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Old 11-09-17, 03:50 PM   #1
Garak
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Default Welding Cast Iron

I was hoping that this broken cast iron corn grinder leg could be welded.

The other three legs are OK and even with the break the grinder seems quite stable. I know it could never be as strong as it was before the break.

What do the welding experts here think? or would it be easier to plate it up from behind and secure with some bolts?

Here is the problem:

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Old 11-09-17, 04:30 PM   #2
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Plate and bolt would be my choice,it's what would have happened in its working life unless the farm would have been lucky enough to have a blacksmith.
Use coachbolts and square nuts and a bit of angleiron dipped in brick acid to age them,but wash it off afterwards and dont have anyother bare metal around while the lid's of the brick acid.

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Phil
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Old 11-09-17, 04:56 PM   #3
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I like welding, but as I'm just about to try welding cast iron for the first time i'm not the one to ask for advice.
Considering the placement of the three domed bolts already there I'd be inclined to add a piece of angle iron from behind and a 4th bolt, spent some time making sure the angle is shaped to fit accurately with the cast section will make sure the repair is stable.

Neil.
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Old 11-09-17, 05:14 PM   #4
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It can be welded and it can be as strong as new, but it's a specialized job and not cheap. I have used a company called Cast Iron Welding from Corby. The item is heated to 500C then welded with new cast and peened as it cools.

I'm afraid that for this job it's unlikely that you would justify the cost - plate and bolt it!

MP
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Old 11-09-17, 05:58 PM   #5
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There you go Martin, concencus seems to be do a 'farmyard repair' like I suggested when you phoned earlier! Looks an ideal spot for a bolt and plate job and wont look out of place at all. Now go ahead and get it bought!!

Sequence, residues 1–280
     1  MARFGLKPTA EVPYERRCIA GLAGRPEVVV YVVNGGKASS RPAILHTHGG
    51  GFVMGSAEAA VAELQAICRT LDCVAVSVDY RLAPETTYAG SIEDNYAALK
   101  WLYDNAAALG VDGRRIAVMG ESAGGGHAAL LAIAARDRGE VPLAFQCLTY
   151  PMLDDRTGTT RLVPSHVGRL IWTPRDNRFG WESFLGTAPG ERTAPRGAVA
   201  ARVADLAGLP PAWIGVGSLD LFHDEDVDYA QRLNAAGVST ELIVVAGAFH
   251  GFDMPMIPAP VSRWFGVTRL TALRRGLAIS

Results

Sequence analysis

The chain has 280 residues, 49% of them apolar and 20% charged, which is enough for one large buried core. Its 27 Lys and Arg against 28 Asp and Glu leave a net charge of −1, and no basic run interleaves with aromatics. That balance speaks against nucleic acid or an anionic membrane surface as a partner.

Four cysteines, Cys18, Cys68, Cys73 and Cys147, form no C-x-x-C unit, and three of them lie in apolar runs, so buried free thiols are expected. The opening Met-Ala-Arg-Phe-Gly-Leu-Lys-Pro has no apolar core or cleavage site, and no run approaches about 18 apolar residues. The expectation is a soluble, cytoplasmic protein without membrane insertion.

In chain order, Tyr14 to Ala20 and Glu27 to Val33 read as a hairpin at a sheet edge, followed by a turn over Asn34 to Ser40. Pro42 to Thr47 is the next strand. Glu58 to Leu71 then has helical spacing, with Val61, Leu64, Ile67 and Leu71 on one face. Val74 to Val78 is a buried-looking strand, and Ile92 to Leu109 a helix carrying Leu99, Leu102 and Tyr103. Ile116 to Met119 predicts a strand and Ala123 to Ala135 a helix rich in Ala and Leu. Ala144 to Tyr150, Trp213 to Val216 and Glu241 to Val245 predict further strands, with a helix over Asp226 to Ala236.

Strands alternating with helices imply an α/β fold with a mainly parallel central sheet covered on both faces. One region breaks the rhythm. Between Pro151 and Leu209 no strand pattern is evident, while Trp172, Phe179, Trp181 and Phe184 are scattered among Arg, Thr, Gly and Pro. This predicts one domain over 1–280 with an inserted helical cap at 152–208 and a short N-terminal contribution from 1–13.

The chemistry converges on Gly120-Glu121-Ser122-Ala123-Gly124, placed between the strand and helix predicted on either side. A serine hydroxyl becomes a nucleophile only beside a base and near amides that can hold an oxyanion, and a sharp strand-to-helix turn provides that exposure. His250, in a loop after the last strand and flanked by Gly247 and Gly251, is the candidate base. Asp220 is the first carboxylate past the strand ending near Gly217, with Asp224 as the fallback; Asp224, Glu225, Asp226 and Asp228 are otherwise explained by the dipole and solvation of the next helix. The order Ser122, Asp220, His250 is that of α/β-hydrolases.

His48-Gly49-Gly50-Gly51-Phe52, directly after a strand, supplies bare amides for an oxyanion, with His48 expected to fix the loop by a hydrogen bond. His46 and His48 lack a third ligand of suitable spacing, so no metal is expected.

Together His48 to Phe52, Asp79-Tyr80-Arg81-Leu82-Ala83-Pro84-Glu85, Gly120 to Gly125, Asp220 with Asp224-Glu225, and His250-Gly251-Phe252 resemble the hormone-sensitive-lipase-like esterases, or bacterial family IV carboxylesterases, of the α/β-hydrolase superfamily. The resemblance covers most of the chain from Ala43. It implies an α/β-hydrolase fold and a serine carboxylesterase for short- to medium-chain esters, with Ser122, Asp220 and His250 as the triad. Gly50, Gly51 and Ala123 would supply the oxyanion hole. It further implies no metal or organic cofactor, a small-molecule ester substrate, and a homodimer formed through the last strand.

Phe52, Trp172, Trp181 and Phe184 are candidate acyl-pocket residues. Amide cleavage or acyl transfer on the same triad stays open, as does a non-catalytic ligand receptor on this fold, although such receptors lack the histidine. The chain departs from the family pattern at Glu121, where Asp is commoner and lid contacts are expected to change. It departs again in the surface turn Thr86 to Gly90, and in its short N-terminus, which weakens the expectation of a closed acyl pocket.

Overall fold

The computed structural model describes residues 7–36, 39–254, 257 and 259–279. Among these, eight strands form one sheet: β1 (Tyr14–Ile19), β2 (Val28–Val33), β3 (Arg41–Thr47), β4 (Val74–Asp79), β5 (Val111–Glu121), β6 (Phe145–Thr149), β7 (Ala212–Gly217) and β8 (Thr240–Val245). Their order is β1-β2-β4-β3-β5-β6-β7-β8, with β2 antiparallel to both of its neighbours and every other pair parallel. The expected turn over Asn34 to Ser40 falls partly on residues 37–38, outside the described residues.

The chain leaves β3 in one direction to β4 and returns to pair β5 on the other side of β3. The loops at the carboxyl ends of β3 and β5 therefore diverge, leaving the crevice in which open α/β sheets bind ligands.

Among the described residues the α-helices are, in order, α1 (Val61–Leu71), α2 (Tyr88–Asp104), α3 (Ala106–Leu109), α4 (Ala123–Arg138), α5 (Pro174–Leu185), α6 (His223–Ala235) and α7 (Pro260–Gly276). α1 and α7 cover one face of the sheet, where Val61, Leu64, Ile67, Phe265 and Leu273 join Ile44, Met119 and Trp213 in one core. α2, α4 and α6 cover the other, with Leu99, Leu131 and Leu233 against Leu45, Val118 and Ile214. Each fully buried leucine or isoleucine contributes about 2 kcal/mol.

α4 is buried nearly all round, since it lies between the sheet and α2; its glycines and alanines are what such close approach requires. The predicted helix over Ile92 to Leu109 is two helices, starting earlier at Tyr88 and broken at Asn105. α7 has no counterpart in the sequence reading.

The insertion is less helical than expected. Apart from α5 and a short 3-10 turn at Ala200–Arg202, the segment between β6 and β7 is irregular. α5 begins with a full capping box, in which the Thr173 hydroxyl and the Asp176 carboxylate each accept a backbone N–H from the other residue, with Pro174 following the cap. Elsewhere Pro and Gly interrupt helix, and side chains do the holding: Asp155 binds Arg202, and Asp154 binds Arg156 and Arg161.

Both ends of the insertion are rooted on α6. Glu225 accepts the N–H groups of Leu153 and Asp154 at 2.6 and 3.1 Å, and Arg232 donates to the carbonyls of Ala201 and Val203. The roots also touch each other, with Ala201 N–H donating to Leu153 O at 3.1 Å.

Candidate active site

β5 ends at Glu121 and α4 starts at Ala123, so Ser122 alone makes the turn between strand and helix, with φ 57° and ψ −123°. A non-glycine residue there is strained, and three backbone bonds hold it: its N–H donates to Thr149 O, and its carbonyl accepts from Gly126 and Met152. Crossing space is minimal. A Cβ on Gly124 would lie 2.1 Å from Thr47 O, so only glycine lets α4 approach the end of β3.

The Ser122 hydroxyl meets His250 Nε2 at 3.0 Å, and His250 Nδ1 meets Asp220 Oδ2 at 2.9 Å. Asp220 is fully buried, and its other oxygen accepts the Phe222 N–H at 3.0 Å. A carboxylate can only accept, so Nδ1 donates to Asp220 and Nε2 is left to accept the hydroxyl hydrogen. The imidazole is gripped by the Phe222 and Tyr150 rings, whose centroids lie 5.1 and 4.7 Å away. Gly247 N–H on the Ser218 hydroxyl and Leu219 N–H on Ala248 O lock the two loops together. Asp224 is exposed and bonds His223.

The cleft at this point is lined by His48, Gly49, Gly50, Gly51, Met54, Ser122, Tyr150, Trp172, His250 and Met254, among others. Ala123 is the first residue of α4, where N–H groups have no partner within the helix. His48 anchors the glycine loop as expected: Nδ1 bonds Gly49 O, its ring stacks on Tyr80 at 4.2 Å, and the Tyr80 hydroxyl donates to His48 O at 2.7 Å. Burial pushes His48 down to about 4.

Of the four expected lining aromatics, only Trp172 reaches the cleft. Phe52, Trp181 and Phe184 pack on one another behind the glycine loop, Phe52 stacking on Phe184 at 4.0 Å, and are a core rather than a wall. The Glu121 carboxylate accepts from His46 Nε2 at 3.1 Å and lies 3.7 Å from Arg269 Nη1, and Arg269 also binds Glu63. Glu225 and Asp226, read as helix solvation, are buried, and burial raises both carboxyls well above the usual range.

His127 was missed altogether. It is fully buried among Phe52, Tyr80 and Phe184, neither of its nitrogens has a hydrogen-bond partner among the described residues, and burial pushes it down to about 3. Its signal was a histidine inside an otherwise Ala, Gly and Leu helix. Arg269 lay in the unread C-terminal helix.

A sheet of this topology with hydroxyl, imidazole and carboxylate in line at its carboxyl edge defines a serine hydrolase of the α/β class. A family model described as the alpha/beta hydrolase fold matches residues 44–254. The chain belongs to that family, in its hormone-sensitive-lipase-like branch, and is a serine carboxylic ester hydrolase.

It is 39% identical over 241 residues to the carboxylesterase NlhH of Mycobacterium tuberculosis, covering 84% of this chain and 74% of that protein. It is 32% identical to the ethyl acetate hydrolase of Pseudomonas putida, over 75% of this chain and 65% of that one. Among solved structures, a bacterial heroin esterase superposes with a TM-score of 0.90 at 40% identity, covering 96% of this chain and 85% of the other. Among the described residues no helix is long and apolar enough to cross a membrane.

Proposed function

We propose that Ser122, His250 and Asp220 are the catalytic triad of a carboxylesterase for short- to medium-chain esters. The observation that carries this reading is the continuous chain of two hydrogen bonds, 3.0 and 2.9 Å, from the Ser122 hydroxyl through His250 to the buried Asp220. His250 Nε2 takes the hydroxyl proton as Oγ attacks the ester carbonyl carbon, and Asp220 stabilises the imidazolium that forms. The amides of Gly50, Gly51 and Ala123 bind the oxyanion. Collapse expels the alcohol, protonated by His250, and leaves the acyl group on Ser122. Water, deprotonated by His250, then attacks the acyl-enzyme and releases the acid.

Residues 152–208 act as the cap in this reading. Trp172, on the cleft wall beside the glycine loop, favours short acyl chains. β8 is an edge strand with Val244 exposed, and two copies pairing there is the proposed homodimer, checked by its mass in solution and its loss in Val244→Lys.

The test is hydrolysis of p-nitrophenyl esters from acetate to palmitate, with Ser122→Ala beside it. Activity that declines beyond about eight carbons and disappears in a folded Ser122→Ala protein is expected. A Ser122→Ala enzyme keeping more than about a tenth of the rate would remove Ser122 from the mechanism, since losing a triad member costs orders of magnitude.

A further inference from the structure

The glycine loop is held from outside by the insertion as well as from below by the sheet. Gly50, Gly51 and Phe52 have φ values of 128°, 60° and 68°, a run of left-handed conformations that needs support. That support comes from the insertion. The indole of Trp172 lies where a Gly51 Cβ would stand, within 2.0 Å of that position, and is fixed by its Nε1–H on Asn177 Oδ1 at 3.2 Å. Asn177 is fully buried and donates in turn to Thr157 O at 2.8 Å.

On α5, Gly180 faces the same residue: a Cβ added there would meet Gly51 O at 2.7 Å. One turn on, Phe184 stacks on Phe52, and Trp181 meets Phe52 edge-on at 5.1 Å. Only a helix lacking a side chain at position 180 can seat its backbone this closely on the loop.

Pete.
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Old 11-09-17, 06:21 PM   #6
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It's not going to be the highest quality cast iron, so get a nice bit of weathered plate and use that with some old bolts. It'll add character.

Dazzla
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Old 11-09-17, 07:09 PM   #7
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Thanks to all who replied, all with sensible advice.

A bolted repair it is then.

Thanks

Martyn
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Old 11-09-17, 10:20 PM   #8
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Quote:
Originally Posted by Garak View Post
Thanks to all who replied, all with sensible advice.

A bolted repair it is then.

Thanks

Martyn
Once bolted securely together, if the crack bothers you filling with weld should be easy enough, even mig welded with normal steel wire will do the job.

Neil.
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Old 12-09-17, 09:06 AM   #9
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I welded a root cutter frame using nickle rods no pre heating, should be ok but plate reinforcment behind wouldnt go amiss on a leg.
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Old 12-09-17, 11:16 AM   #10
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No real expense needed just to weld - using plenty of pre heat - its a time consuming job more than expensive - I've successfully repaired cracked spokes on old trolley wheels before and a similar leg issue for a B.E.N compressor - all using my oxy acetylene set.

However have a read of the following link which explains it in better technical detail and advice - and if you don't have the kit then a good character building farm repair will do nicely too!

http://www.lincolnelectric.com/en-us...on-detail.aspx

Welding cast iron is a great skill to have under your belt - practice on some scrap if you have it (or buy some old broken cast iron kit of fleabay for a couple of quid - old stoves worked for me and a broken one can cost as little as the .99p starting price...

best

Hamish
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